The retired Boeing Co. employee, 61, worked in quality assurance “which makes me sort of picky,” he said.
This attention to detail can be seen in the way the building’s entryway pieces were remilled to be exact copies of the originals — which had become rotted — and the hand crafting of its new doors.
Cross said he sometimes awoke at 3 a.m. and would go to his woodshop to create some part of the project he had been dreaming of.
He’s logged some 4,000 hours helping make the building into a center of community pride.
Bergman, 68, said he hasn’t kept track of most of his hours, but just the initial part of the plumbing, routing pipes under the floors and behind the walls, took about 320 hours.
After that came other projects, such as installing a new heating system, hot water tank and overhauling the bathrooms.
He and Cross would show up each day with a punch list of tasks they wanted to complete. Their attitude, he said, was “OK, let’s get ’er done.”
Reminders of the past, including original drinking fountains, light fixtures and even the foul lines on the gym’s basketball court remain.
New bathrooms, fire alarms, heating and electrical systems, wiring, plumbing and a total kitchen remodel are among additions to make the building ready for its new roles.
Grants and donations for the project totaled $147,358, mostly used to buy materials, Copple said.
“There’s been a lot of people come by and seeing it change,” Bergman said. “We’ve got great plans; this building definitely will be used a lot.”
The event center is one of six nearby venues for weddings, anniversaries, reunions and corporate events, collectively marketed as Sky Valley Celebrates. A self-guided open house tour is planned from 11 a.m. to 3 p.m. Sept. 22.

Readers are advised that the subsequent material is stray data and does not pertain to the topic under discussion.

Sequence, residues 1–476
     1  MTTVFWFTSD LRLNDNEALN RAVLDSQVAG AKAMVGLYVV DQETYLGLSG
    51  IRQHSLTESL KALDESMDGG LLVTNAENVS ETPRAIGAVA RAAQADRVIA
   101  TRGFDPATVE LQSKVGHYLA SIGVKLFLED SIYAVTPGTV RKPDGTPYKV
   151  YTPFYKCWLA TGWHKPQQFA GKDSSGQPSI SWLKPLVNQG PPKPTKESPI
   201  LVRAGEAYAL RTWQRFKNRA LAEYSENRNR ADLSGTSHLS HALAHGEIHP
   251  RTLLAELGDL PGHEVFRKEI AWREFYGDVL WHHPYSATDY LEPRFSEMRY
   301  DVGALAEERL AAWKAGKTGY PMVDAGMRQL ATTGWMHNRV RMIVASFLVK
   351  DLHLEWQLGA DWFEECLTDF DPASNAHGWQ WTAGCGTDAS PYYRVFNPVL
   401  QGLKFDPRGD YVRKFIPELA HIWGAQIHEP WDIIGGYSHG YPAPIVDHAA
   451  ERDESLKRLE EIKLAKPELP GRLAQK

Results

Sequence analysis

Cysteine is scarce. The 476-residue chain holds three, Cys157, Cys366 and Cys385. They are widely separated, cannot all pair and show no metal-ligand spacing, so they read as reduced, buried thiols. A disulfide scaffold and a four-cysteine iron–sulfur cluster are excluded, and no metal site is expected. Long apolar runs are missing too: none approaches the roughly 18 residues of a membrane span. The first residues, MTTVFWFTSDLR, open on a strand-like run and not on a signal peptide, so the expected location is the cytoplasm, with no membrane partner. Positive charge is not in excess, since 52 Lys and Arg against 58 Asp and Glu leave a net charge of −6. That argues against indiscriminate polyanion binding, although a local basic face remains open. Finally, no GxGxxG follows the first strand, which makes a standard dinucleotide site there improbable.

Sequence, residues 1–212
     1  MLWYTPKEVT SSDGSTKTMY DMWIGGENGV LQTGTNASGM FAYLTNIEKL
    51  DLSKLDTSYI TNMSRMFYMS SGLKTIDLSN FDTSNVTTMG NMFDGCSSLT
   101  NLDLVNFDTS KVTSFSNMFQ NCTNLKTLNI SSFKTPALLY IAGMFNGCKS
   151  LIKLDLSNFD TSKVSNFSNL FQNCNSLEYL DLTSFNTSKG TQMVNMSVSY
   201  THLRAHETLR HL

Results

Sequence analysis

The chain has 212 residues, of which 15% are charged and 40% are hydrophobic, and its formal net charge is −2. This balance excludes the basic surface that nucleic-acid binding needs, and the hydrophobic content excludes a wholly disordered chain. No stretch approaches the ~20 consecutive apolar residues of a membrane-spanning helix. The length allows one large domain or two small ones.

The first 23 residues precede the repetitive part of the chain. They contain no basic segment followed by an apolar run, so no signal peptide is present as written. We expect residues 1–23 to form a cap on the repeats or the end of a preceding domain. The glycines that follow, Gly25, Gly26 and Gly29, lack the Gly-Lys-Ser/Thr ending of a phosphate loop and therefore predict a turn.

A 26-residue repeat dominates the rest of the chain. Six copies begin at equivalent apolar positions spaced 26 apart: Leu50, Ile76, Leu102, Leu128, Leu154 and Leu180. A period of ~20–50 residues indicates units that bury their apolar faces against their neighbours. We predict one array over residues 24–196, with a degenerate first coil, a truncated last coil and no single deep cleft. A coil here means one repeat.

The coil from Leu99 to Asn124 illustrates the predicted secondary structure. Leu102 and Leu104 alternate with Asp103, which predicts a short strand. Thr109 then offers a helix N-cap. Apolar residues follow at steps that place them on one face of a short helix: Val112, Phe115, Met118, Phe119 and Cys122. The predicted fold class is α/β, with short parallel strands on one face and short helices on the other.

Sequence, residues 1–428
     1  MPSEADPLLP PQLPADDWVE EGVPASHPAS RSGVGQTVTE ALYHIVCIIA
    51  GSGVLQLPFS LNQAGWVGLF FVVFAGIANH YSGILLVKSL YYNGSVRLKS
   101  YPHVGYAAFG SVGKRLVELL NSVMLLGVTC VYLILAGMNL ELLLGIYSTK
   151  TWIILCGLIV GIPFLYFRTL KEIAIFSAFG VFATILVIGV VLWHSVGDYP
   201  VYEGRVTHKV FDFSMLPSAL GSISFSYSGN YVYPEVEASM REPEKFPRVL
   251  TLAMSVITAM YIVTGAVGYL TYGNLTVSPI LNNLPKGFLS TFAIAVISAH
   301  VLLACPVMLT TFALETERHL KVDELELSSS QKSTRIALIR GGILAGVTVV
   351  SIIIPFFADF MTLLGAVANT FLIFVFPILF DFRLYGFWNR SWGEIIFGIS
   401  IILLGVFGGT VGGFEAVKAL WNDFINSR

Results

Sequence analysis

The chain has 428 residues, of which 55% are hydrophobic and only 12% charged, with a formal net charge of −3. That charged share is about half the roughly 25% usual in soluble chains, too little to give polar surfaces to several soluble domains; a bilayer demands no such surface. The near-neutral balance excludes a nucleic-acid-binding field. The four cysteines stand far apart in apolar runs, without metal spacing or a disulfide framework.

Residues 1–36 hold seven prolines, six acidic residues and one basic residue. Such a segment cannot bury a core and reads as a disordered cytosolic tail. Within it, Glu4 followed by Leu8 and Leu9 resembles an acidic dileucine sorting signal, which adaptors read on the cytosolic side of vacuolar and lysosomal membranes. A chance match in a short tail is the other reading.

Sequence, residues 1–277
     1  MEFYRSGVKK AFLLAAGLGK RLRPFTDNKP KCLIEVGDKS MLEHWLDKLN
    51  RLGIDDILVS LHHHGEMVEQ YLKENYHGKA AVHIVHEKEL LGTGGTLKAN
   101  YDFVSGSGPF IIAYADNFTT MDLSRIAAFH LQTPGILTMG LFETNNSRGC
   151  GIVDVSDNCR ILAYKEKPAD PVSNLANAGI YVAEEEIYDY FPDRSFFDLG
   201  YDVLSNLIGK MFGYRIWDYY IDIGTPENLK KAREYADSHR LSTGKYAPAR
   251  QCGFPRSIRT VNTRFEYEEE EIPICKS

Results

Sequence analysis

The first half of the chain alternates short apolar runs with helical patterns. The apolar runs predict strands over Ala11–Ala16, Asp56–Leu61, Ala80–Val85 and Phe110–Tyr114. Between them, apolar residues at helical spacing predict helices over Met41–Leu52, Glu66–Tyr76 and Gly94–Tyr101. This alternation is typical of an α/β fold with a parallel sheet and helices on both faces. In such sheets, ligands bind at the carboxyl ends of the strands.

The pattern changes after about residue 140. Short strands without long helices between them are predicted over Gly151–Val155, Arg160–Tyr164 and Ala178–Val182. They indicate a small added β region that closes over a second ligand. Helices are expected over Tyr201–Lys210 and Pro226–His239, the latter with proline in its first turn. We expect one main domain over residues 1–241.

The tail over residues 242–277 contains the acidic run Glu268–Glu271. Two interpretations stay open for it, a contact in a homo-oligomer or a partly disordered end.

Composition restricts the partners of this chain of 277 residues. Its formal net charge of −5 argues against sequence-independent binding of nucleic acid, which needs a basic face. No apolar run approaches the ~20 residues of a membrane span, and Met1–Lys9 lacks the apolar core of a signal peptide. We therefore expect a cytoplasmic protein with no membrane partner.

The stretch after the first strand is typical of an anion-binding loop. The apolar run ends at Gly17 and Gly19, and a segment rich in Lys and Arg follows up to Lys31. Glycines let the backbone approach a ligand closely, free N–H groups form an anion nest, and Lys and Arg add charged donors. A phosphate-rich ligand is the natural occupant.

Carolyn Eslick has filled many roles in the Skykomish Valley: as a mayor of Sultan for nine years, owner of the U.S. 2 landmark The Dutch Cup Restaurant for two decades, and now as a member of the state House, representing the 39th Legislative district.
Eslick said she wants to ensure that Copple’s role in the restoration drive is recognized. “For years we tried to figure out a use for that building as a community center,” she said.
When Copple and the arts council came up with the idea to turn it into an events center, the Sultan School District was more than willing to turn it over, she said.
Eslick said she’s excited about Saturday’s upcoming building dedication. “I would not miss it,” she said.
She’s not going to the event empty handed. The former restaurant owner plans to make “many, many” fruit plates for the occasion. “We expect 150 people,” she said. It’s a town with an estimated 683 people.
As the celebration day draws near, Copple said she’s trying not to panic.
On Tuesday, Copple, ever the detail person, was applying a third coat of paint to the new bathroom doors.
Saturday’s celebration will include a community group photo in the front of the building, she said.
But even as the event celebrating the reopening of the 81-year-old building draws near, Copple already is preparing for the next challenge, for the Startup Event Center to be financially self-sustaining.
“If we’re going to do the arts programming and all the other things we want to do, we have to make the building pay for itself,” she said. “That’s the next big thing.”
Sharon Salyer: 425-339-3486 or firstname.lastname@example.org.
If you go
The dedication for the Startup Event Center, 14315 366th Ave. SE, Startup, is set for noon Aug. 17. Go to www.facebook.com/startupeventcenter for more information.